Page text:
21. Caste system

In a recent global class, we were talking about life in India and how there’s something called the caste system. I was really confused when Mr. Matheny first started talking about it because to me, it was a really unfamiliar topic. As I did some research online about what this actually was, I found that it’s a Hindu religion system where people living in India are put into occupational groups. Where a person is placed in this caste system determined what kinds of jobs they can have and who they can socialize with and marry. Apparently, it was once based on personality but as time went on, it turned into something that was very hierarchical and based on a person’s occupation and birth.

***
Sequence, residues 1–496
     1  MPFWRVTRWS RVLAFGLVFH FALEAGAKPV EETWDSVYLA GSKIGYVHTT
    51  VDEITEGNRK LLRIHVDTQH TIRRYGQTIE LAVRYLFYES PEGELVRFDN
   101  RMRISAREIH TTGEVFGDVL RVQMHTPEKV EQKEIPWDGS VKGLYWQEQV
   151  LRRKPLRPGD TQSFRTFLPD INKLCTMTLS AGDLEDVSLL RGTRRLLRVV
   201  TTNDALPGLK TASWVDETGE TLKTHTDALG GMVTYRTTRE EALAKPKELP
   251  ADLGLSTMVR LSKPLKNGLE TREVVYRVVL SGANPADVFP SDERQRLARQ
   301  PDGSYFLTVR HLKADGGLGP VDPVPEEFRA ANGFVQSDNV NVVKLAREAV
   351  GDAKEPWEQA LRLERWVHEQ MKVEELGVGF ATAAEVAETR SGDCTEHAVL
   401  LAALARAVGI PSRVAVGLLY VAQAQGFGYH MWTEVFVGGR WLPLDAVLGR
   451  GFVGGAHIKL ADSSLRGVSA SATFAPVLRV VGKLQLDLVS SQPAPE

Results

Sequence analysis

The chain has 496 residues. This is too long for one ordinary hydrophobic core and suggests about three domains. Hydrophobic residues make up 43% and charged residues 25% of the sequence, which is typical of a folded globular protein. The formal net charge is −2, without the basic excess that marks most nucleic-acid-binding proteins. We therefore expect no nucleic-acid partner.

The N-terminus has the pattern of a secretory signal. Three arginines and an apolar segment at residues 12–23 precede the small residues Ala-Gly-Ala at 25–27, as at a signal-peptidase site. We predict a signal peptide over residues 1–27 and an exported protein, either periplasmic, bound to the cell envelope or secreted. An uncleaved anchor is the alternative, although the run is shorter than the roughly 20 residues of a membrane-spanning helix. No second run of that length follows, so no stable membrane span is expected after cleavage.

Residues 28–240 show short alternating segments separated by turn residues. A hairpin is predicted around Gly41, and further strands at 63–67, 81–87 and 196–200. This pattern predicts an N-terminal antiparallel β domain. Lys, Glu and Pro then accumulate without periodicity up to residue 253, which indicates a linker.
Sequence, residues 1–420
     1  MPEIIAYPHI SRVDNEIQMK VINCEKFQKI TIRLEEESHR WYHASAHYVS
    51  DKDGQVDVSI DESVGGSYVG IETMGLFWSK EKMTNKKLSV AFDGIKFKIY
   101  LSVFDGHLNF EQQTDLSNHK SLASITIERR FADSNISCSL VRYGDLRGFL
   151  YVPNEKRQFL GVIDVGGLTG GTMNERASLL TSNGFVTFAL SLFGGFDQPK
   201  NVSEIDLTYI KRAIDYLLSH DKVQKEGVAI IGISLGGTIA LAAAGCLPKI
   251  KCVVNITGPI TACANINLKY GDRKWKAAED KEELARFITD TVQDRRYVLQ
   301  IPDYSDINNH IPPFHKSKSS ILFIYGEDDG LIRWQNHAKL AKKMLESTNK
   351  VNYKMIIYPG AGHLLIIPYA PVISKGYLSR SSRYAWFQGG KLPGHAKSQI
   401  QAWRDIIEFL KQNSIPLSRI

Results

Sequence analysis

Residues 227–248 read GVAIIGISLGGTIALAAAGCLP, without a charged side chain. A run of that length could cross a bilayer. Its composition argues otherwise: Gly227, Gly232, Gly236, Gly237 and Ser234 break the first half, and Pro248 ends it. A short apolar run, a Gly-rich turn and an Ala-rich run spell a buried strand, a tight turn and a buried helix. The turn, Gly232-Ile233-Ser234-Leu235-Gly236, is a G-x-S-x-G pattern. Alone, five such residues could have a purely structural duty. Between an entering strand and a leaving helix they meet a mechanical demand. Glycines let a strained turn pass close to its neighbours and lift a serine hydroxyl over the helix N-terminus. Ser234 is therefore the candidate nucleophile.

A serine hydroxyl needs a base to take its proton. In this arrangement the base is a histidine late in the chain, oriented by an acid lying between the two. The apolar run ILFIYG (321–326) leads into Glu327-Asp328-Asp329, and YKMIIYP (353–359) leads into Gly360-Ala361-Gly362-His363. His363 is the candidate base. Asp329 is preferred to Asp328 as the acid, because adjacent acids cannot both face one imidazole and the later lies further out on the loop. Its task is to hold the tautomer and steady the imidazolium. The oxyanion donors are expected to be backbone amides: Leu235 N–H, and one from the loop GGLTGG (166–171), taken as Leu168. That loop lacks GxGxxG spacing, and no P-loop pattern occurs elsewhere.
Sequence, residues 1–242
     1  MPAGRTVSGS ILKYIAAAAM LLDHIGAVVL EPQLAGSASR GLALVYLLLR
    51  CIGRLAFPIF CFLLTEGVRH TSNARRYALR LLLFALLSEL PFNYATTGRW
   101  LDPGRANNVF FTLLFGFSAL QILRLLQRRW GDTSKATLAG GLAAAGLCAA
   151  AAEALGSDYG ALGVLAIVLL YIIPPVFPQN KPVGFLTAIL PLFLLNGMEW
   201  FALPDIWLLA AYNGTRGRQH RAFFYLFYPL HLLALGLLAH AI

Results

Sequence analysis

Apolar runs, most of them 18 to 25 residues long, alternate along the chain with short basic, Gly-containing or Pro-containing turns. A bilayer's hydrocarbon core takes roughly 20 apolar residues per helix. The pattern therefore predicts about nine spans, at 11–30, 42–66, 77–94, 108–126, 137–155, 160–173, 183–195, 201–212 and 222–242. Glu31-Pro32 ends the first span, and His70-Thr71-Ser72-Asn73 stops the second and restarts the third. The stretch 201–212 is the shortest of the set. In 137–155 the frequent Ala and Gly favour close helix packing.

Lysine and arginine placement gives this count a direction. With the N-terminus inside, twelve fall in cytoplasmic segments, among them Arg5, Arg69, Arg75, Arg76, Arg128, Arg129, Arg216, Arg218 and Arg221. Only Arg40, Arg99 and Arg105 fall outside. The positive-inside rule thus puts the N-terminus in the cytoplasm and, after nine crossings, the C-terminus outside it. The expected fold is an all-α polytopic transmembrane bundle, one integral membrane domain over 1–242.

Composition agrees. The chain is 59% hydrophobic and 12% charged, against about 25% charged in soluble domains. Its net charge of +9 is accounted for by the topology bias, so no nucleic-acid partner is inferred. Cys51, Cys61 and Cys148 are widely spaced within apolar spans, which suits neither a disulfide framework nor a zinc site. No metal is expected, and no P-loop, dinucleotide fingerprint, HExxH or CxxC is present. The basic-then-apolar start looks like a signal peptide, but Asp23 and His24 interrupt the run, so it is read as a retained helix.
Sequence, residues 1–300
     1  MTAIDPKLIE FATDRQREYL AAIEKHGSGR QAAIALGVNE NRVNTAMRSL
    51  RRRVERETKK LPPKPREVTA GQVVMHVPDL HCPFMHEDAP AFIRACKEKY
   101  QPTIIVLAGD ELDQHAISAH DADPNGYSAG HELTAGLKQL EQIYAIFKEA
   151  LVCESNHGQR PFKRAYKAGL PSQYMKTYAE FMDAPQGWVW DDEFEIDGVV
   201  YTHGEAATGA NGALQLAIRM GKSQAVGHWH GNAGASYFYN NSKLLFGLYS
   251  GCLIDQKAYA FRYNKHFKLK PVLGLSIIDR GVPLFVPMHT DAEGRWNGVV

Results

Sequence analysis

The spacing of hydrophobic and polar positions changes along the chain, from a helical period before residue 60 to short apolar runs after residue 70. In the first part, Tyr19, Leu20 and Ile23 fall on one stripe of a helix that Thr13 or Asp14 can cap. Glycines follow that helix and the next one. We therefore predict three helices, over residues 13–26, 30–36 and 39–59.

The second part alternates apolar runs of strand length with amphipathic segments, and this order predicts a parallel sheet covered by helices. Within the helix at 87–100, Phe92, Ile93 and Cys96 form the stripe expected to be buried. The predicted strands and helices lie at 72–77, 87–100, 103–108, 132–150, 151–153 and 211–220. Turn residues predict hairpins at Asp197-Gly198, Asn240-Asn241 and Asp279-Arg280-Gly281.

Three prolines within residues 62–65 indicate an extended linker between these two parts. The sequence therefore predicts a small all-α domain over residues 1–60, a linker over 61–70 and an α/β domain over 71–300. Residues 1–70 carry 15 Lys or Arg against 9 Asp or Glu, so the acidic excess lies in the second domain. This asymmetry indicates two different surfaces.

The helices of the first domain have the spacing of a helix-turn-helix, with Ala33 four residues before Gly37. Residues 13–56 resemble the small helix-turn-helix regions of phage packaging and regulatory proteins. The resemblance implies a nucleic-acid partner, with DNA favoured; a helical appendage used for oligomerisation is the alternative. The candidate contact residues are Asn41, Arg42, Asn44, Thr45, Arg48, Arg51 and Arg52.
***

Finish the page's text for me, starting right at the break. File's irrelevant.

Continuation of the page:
The classes in descending order are:
Brahmana: Consist of those engaged in scriptural education and teaching, essential for the continuation of knowledge.
Kshatriya: Take on all forms of public service, including administration, maintenance of law and order, and defense.
Vaishya: Engage in commercial activity as businessmen.
Shudra: Work as semi-skilled and unskilled laborers.


People from lower classes couldn’t pursue high-income jobs and couldn’t marry people from higher classes. As a result, India’s economic development slowed down. Ever since it was abolished however, the influence of the caste system has been fading in India.

In Canada, we don’t have a rigid hierarchy like the caste system. Something that comes close though, is the modern class system. It consists of the lower class, working class, middle class and upper class. However, everyone is treated equally and there’s nothing that really restricts people of different classes from socializing and we’re free to aim for the jobs we want. We are also equal before the law and given the same access to public facilities such as hospitals. Unlike the caste system in India, we don’t really discriminate against other people and the difference isn’t as evident.